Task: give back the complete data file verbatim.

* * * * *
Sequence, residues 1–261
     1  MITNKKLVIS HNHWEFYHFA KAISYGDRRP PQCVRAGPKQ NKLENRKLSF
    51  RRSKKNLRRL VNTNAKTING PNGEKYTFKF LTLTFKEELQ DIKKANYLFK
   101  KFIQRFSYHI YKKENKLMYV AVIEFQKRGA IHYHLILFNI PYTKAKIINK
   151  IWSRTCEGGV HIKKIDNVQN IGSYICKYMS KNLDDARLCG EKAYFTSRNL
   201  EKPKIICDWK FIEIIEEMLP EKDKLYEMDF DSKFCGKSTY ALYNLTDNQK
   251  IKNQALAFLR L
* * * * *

Sequence, residues 1–261
     1  MITNKKLVIS HNHWEFYHFA KAISYGDRRP PQCVRAGPKQ NKLENRKLSF
    51  RRSKKNLRRL VNTNAKTING PNGEKYTFKF LTLTFKEELQ DIKKANYLFK
   101  KFIQRFSYHI YKKENKLMYV AVIEFQKRGA IHYHLILFNI PYTKAKIINK
   151  IWSRTCEGGV HIKKIDNVQN IGSYICKYMS KNLDDARLCG EKAYFTSRNL
   201  EKPKIICDWK FIEIIEEMLP EKDKLYEMDF DSKFCGKSTY ALYNLTDNQK
   251  IKNQALAFLR L